By LARRY BURRISS
It’s been said it is better to debate an issue and not have it settled, than to settle an issue with no debate.
And that’s precisely where we are with the latest revelations about the National Security Agency and our personal phone and Internet records.
Unfortunately, there are so many issues involved, it’s hard to know where to begin.
Let’s start with a given we can all agree on: There are different rules for the government and private industry. Some of these rules are based in law, and some are based on societal practice. But the rules are, in fact, different.
Another given is that both the government and private industry collect all sorts of details about our lives, and they then combine individual pieces of data to generate more information about us.
Both the government and private industry track our phone and Internet usage.
Third, no one seems to be willing to tell us how the information about us is collected, how it is used, what conclusions are drawn therefrom, how it is combined with other information, or answer any of the myriad of questions that have arisen in the last couple of weeks.
The government claims national security; private industry claims trade secrets.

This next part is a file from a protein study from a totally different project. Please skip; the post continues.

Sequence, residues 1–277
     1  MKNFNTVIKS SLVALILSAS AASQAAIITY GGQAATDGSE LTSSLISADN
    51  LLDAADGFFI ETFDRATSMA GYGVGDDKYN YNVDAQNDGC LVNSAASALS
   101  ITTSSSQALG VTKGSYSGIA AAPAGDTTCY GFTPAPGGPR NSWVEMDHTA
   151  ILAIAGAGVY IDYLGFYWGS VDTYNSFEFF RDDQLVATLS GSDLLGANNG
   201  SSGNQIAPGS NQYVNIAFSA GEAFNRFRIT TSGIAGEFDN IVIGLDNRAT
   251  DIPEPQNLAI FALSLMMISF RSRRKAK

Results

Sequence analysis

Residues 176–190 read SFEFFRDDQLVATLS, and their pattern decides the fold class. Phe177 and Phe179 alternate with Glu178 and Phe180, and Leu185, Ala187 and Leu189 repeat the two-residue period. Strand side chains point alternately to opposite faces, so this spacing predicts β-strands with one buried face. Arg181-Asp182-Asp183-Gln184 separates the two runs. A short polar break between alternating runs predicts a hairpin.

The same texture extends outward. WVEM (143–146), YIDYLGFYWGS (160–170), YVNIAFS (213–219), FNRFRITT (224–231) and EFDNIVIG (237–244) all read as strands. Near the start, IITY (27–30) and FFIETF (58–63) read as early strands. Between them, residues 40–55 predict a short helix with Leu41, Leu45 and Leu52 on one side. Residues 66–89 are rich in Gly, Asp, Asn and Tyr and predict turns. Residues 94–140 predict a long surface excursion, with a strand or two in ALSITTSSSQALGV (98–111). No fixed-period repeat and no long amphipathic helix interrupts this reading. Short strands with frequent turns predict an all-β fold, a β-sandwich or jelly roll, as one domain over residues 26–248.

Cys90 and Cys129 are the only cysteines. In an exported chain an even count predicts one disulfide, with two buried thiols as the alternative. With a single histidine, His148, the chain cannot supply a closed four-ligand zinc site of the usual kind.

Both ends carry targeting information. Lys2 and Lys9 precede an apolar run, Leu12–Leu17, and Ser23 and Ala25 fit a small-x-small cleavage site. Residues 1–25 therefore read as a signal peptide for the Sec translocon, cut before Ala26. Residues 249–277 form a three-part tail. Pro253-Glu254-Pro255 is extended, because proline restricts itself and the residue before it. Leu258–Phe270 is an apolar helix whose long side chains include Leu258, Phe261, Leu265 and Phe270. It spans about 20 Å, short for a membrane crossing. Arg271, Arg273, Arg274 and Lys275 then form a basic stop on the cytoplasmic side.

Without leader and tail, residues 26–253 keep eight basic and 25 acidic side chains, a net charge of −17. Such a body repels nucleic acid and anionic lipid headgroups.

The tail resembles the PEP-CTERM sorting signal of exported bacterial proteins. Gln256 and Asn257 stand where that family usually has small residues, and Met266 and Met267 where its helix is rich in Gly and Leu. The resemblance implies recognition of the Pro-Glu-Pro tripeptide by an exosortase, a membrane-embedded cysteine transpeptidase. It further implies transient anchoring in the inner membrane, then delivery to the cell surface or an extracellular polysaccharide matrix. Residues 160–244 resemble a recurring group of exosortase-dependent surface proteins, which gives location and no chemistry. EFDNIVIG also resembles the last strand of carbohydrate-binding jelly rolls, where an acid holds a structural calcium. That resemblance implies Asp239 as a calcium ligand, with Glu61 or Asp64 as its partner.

And it is these two competing claims that take us back to where we started: The rules are different.
Ultimately there are two questions we need to ask: First, “how do we balance the very real needs of national security, versus the very real concerns about privacy?” Second, is it OK for private industry to do the very same things we criticize the government for doing?
Now, to be sure, there are significant differences between private industry and the government.
But what those differences are, are they more imagined than real, and perhaps most importantly, should we treat them differently are all questions we need to ask.
So what we need is a serious debate among all of the parties involved – the government, the phone services and the people.
But somehow, I don’t think that’s going to happen.